While preferred embodiments of the invention have been described, it is to be understood that other modifications thereof may be made without departing from the spirit and scope of the appended claims.

Patent Citations
Cited PatentFiling datePublication dateApplicantTitle
US542719 *Mar 5, 1895Jul 16, 1895 Emanuel wahner
US1363902 *Apr 30, 1919Dec 28, 1920Ladislav KaplanSecuring means for the ends of strings for instruments
US4138919 *Feb 3, 1977Feb 13, 1979Miller Roger DString set and string securing apparatus for musical instruments
US4202240 *Jul 13, 1978May 13, 1980Smith Gerald EBridge pin
US4377963 *Jul 27, 1981Mar 29, 1983Siminoff Roger HSelf-contained musical string cassette
US4453443 *Apr 13, 1982Jun 12, 1984Smith Paul RPitch stabilized string suspension system for musical instruments
US4589321 *Jun 25, 1984May 20, 1986Paul Reed SmithString attachment means for a tuning machine
US4735124 *Aug 10, 1987Apr 5, 1988Bernier Michel MPeg box for stringed instruments
Referenced by
Citing PatentFiling datePublication dateApplicantTitle
US5522299 *Jun 7, 1995Jun 4, 1996Rose; Floyd D.Tuning systems for stringed instruments
US5537907 *Jun 7, 1995Jul 23, 1996Rose; Floyd D.Tuning systems for stringed instruments
US5539143 *Jun 7, 1995Jul 23, 1996Rose; Floyd D.Tuning systems for stringed instruments
US5589653 *Jun 7, 1995Dec 31, 1996Rose; Floyd D.Tuning systems for stringed instruments
US5684256 *Jun 7, 1995Nov 4, 1997Rose; Floyd D.Tuning systems for stringed instruments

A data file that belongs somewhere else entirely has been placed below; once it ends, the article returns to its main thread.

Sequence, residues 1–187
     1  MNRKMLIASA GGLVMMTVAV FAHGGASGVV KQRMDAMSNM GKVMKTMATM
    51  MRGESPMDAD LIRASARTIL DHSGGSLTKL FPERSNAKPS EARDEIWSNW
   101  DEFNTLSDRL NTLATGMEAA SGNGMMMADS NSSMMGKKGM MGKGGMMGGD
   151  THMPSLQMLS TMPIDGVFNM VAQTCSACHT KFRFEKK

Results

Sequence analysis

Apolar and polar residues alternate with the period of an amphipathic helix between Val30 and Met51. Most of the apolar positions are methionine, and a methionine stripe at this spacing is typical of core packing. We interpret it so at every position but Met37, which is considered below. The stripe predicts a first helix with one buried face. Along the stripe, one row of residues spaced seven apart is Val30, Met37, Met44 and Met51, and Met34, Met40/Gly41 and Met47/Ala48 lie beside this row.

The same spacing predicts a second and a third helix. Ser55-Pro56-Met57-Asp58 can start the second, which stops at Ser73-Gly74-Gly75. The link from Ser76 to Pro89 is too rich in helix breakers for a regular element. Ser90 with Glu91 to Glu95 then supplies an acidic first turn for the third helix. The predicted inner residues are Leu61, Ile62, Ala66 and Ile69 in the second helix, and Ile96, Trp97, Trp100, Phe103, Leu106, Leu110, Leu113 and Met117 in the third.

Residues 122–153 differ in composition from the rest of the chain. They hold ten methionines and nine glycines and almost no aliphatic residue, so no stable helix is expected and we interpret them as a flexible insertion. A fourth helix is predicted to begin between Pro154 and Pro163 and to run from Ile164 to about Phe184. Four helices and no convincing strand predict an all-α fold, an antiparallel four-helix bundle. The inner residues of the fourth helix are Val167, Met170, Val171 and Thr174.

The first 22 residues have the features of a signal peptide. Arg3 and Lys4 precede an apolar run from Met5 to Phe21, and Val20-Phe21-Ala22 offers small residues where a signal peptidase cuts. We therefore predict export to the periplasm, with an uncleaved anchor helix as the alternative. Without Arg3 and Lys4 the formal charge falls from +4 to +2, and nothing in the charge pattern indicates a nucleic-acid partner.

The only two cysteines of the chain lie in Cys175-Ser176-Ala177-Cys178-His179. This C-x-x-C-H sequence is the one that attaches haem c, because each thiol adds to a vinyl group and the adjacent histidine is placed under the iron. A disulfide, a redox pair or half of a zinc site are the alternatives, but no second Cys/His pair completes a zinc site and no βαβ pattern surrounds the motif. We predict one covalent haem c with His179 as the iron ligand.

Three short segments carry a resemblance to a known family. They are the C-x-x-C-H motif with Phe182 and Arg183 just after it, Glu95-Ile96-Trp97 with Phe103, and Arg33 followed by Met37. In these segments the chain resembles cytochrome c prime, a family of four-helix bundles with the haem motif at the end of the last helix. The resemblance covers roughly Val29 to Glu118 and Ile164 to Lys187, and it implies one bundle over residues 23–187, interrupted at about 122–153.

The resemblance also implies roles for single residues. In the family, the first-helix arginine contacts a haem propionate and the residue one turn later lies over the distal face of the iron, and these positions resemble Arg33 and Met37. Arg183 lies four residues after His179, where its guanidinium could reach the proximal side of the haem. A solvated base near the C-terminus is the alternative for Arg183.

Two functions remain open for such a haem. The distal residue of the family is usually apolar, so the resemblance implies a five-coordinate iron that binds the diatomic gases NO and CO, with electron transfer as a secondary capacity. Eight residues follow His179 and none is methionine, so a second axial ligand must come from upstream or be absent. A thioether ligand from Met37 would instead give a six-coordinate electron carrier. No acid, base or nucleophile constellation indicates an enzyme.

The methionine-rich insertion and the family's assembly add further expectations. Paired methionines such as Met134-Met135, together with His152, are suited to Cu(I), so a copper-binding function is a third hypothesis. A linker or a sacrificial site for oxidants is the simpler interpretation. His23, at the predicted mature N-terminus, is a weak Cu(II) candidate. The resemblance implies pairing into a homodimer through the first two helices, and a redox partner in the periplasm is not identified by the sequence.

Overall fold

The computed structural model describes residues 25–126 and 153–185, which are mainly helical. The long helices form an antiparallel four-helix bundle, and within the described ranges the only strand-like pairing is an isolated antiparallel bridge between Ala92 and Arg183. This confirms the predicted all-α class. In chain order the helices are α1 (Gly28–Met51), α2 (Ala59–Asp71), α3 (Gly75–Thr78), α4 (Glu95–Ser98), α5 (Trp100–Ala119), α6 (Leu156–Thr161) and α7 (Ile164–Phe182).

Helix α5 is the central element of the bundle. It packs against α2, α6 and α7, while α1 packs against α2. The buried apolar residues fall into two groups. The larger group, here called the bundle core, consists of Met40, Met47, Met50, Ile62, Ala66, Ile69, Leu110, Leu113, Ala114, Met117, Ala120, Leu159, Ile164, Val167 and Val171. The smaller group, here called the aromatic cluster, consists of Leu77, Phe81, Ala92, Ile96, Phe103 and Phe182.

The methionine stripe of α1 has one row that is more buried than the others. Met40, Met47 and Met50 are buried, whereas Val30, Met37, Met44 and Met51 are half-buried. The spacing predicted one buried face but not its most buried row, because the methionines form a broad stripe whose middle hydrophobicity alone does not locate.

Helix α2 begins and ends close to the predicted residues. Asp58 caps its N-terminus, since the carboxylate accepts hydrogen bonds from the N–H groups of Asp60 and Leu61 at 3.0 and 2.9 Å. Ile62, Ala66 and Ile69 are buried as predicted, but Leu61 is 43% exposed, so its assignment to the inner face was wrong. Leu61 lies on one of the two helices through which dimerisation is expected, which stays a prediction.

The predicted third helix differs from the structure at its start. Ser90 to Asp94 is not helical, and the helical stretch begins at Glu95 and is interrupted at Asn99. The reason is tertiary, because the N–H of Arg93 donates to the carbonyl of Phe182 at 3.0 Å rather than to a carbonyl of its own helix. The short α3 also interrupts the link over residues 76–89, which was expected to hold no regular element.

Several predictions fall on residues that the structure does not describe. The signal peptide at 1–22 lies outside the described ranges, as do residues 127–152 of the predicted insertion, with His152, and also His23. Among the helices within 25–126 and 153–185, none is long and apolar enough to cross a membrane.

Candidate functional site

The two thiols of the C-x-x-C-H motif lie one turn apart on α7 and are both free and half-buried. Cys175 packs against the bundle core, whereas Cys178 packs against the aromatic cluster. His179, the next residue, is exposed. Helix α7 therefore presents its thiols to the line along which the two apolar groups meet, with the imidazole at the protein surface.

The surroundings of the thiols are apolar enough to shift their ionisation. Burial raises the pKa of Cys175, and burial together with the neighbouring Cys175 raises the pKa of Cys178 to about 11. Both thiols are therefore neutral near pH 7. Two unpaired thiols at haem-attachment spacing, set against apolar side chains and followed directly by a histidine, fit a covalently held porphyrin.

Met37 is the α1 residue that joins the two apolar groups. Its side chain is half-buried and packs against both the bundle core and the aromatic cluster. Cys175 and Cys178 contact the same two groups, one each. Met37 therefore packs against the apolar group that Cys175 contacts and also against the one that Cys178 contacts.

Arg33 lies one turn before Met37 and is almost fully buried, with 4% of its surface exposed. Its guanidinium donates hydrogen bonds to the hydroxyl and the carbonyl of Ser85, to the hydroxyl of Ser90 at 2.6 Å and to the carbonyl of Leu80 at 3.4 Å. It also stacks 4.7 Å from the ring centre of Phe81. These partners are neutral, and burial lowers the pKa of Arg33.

US5689075 *Jun 7, 1995Nov 18, 1997Rose; Floyd D.Tuning systems for stringed instruments
US5696335 *Jun 7, 1995Dec 9, 1997Rose; Floyd D.Tuning systems for stringed instruments
US5700965 *Jun 7, 1995Dec 23, 1997Rose; Floyd D.Tuning systems for stringed instruments
US5704473 *May 13, 1996Jan 6, 1998Sabine, Inc.Music strings and packaging
US5705760 *Jun 7, 1995Jan 6, 1998Rose; Floyd D.Tuning systems for stringed instruments
US5717150 *Jun 7, 1995Feb 10, 1998Rose; Floyd D.Tuning systems for stringed instruments
US5913257 *Sep 2, 1997Jun 15, 1999Fender Musical Instruments Corp.Method of manufacturing guitar strings, and guitar strings resulting from such method
US6646193Jun 21, 2002Nov 11, 2003James E. BallEasy install musical instrument string system
US7045693Jan 13, 2003May 16, 2006Floyd D. RoseTuning systems for stringed musical instruments
US7335830Aug 10, 2005Feb 26, 2008Kenneth William BoxMethod and device for attaching a musical instrument string to a musical instrument tuning peg
US8153872 *Oct 25, 2010Apr 10, 2012John WardString keeper device for stringed musical instruments
US8536430Jan 13, 2010Sep 17, 2013Geoffrey McCabeFine tuning means for fulcrum tremolo
US9123312Feb 22, 2012Sep 1, 2015Geoffrey Lee McCabeTuning mechanisms
US9343047Apr 17, 2013May 17, 2016William GrayHigh performance guitar bridge pins
US9484007Nov 18, 2015Nov 1, 2016Geoffrey Lee McCabeTremolo stop tuner and tremolo stabilizer
US9595245Apr 28, 2015Mar 14, 2017Geoffrey Lee McCabeLocking bearing mechanisms for fulcrum tremolo
US9734804Oct 11, 2015Aug 15, 2017Geoffrey Lee McCabeDrop tuner for fulcrum tremolo
US20060048626 *Aug 10, 2005Mar 9, 2006Box Kenneth WMethod and device for attaching a musical instrument string to a musical instrument tuning PEG
WO1996041332A1 *Jun 7, 1996Dec 19, 1996Rose Floyd DImprovements in tuning systems for stringed instruments
Classifications
U.S. Classification84/297.00R, 84/199, 84/297.00S
International ClassificationG10D3/12
Cooperative ClassificationG10D3/12
European ClassificationG10D3/12
Legal Events
DateCodeEventDescription
Apr 28, 1998FPAYFee payment
Year of fee payment: 4
Jun 13, 2002FPAYFee payment
Year of fee payment: 8
Jun 28, 2006REMIMaintenance fee reminder mailed
Dec 11, 2006SULPSurcharge for late payment
Year of fee payment: 11
Dec 11, 2006FPAYFee payment
Year of fee payment: 12